As you might expect, the second day of conference is where party business intensifies. Once the national news cycle around the Leader's Speech subsides and remaining delegates arrive in the city, attention turns firmly to voting upon policy motions and the substantive discussions on the fringe circuit.
Things kicked off early with the Deputy Leader's speech. Viewed as a rallying cry to enthuse activists (the traditional role of Deputy Leader speeches), Adrian Ramsay's address can be deemed a success. That said, the content he chose resolutely refused to stray far from the script Caroline Lucas had laid down the day before and was therefore unlikely to interest news reporting for a second day, which is a shame. Within the strictures of his role, I would encourage him to continue to hone a distinctive voice and policy platform that both complements Caroline's and surprises the audience. This year I found his speech likeable, but underwhelming.
One issue that did rouse a great deal of debate was a seemingly innocuous motion to come out against the Government's Immigration Cap and reaffirm our commitment to a fair and liberal immigration system. In the end, it became quite an impassioned discussion and whilst there was understandable opposition to it due to the potential political mischief the media could make of our existing policy, at other times some speakers skirted dangerously close in my view to being racist. One participant even argued that environmental sustainability should always take precedence over social justice, something I have real political difficulty with. Thankfully, the motion eventually passed intact, but it was a sharp reminder that we must guard against complacency in moving towards a more diverse membership that challenges such outdated views.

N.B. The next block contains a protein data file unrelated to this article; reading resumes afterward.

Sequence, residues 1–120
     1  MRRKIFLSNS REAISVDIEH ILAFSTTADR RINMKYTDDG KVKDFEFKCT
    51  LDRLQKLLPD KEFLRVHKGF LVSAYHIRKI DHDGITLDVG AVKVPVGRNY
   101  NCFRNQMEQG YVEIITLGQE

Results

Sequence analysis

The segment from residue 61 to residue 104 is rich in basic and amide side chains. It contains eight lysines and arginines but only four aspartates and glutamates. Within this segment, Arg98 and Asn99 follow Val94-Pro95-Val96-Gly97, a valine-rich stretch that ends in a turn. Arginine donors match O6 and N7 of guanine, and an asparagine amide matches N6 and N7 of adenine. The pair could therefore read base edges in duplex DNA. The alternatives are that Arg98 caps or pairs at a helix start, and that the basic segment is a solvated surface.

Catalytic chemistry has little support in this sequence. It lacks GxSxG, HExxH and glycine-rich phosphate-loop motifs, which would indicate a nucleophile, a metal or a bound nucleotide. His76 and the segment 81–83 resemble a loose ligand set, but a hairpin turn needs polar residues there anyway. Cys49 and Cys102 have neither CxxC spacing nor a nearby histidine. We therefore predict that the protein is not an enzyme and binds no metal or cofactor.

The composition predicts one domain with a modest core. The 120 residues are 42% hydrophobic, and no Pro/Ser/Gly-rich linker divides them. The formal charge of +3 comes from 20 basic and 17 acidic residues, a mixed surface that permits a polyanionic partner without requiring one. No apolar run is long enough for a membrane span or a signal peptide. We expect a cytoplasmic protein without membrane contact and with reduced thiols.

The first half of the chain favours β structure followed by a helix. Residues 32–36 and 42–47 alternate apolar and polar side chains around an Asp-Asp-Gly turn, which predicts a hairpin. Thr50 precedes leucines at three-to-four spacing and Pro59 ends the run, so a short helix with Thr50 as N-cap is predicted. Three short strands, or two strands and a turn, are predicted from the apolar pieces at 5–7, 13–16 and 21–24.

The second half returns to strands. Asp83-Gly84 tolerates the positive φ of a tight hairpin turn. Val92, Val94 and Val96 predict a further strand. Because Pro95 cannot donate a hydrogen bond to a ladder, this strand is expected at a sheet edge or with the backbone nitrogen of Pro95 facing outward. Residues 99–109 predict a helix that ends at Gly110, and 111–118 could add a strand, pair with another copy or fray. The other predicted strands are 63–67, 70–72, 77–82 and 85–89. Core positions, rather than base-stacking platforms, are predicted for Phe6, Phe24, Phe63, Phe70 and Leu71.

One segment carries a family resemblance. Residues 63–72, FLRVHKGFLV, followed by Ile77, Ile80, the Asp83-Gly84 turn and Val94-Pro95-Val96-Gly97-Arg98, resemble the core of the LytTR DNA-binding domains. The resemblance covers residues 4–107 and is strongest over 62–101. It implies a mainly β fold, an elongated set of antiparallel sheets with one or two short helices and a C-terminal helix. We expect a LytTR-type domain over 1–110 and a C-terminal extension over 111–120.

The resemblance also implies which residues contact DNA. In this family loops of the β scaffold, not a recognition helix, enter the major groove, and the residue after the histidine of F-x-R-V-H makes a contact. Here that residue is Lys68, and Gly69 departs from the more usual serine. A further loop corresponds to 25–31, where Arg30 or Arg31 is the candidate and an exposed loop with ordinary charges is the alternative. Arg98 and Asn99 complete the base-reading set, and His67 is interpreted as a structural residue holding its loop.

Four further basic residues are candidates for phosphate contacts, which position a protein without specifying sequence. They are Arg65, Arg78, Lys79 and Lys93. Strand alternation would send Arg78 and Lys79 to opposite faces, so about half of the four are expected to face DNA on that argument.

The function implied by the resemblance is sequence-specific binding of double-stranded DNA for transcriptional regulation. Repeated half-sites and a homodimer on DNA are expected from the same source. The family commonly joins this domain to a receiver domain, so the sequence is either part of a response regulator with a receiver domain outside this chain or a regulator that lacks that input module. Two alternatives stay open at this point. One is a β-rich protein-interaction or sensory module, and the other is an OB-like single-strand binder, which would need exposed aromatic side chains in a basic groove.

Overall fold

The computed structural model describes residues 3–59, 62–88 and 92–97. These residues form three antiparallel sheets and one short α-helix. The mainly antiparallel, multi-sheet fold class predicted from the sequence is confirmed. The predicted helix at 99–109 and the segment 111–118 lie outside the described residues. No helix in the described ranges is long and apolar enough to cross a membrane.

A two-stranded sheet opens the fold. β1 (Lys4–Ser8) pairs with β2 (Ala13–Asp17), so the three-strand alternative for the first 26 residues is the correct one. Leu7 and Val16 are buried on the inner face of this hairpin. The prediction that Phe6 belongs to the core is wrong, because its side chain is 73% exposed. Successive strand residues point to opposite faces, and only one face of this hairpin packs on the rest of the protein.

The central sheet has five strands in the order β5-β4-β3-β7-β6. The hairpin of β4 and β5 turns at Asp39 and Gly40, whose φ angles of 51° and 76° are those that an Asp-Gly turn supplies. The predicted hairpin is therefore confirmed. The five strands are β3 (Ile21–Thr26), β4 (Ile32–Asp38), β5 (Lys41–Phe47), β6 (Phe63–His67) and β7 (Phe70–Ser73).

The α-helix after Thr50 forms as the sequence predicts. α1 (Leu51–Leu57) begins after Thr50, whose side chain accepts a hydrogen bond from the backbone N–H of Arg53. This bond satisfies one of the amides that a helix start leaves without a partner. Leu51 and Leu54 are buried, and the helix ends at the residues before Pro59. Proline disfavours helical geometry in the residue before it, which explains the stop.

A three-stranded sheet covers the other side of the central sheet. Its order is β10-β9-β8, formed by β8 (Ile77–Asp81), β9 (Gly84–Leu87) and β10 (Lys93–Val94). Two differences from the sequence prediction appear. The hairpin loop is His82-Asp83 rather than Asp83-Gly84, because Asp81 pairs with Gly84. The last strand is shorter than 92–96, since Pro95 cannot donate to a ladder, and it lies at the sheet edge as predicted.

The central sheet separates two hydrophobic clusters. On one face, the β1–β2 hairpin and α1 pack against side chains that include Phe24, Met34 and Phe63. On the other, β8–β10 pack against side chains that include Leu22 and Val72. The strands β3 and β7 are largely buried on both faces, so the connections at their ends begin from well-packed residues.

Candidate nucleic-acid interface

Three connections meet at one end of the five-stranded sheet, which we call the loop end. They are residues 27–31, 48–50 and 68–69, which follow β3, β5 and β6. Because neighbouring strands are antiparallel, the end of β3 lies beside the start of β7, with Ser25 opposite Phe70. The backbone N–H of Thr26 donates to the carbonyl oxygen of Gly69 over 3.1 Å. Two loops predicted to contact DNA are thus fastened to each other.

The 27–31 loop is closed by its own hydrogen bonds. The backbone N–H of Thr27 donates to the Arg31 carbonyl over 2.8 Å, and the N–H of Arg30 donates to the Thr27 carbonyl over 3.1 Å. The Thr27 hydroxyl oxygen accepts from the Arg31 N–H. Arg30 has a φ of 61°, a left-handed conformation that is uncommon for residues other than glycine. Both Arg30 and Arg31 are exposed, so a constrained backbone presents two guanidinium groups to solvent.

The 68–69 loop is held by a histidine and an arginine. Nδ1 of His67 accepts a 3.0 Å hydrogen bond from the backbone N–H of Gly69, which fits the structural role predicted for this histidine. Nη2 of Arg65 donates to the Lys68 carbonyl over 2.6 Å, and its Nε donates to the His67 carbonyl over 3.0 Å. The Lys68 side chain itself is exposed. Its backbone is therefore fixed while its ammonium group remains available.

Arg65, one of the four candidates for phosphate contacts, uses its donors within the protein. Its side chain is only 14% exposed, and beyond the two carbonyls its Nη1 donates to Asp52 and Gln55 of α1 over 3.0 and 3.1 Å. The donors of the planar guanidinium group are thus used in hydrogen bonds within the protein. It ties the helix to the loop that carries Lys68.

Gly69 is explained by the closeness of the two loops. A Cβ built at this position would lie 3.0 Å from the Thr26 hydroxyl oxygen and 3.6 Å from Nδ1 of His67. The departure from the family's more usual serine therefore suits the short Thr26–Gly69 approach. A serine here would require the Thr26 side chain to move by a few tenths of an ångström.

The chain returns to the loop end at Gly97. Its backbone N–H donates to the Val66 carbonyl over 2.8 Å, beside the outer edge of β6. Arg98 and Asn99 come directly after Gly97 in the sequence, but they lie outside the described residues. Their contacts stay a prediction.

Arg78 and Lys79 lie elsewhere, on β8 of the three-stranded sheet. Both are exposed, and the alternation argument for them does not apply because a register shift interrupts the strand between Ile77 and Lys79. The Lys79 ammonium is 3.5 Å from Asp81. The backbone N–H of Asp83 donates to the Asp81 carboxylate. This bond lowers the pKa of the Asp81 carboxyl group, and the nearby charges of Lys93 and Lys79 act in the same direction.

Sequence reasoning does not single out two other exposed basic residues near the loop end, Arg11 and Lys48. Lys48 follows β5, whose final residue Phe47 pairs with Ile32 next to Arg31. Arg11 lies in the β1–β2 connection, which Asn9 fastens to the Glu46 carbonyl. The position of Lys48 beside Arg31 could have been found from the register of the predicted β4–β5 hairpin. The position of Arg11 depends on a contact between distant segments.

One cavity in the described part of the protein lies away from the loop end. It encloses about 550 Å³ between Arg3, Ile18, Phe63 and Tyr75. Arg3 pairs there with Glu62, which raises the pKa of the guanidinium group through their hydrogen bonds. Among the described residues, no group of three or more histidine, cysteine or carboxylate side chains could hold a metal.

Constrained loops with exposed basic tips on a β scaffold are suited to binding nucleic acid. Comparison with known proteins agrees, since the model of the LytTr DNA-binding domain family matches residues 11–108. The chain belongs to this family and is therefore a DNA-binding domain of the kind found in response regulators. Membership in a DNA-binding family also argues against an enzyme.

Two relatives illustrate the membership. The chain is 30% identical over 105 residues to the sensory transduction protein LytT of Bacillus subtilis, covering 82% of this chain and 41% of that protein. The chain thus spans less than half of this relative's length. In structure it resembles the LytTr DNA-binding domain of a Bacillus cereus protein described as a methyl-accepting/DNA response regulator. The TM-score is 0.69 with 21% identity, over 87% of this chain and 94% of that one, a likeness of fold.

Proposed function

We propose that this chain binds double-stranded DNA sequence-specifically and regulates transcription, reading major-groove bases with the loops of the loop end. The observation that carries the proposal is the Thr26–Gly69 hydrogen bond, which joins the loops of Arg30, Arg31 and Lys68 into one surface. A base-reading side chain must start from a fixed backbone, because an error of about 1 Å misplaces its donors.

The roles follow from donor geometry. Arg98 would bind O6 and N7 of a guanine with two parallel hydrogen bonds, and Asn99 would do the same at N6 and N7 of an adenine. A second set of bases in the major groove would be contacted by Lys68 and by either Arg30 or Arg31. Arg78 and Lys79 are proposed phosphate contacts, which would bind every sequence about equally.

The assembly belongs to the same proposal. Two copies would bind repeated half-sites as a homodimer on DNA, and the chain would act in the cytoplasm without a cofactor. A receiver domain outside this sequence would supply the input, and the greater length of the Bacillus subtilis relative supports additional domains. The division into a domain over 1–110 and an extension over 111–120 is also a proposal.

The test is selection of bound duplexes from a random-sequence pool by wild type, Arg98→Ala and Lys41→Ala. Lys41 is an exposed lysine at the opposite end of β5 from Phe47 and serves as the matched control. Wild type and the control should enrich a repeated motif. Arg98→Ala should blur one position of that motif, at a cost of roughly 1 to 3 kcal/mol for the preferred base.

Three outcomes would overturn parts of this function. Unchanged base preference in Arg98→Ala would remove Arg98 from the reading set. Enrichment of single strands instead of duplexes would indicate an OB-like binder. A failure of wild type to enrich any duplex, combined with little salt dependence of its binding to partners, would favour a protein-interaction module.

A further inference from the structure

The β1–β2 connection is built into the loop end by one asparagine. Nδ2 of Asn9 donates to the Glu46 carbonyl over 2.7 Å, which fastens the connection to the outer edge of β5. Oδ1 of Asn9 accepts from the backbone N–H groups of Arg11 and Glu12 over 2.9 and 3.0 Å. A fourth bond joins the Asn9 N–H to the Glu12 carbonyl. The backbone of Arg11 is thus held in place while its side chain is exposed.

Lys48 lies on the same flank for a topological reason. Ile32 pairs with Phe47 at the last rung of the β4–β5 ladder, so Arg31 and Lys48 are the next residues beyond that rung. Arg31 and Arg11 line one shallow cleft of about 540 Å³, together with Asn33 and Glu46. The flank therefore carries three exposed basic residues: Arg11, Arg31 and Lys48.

Later in the afternoon, I chaired a fringe session with both Deputy Leaders of Brighton & Hove's Green Council, as well as number of Cabinet members and Councillors from my home city. It was a really great opportunity for members around the country to ask some pretty direct questions about our experience of taking power in a local authority and get a sense of some of the challenges we hadn't seen coming! In spite of being held at the same time as one of the keynote panels on inequality, we had a really substantial turnout and could have easily continued talking into the night. As a local party not noted for our large conference delegations, it was really heartening to see fellow members from home connecting with others around the country and sharing strategies.
Finally, I have to report that I was sadly not successful in my bid to be elected to the Green Party Executive. I really felt I fought as strong as a campaign as I could over the summer on this. Anyway, I'm staying chipper - political setbacks are good character building exercises! I really felt I got to understand the values and priorities of the membership through old fashioned debate and listening and hopefully gave members a healthy democratic contest to get their teeth into in a year when most GPEx roles were uncontested. Thanks to all of my readers who actively supported my candidacy, either through kind words or well-placed publicising of my blog articles on the subject. I'm weighing up where to put my energy next, but I've not done with contributing to the party. I'm as hungry for us to move forward towards success as ever.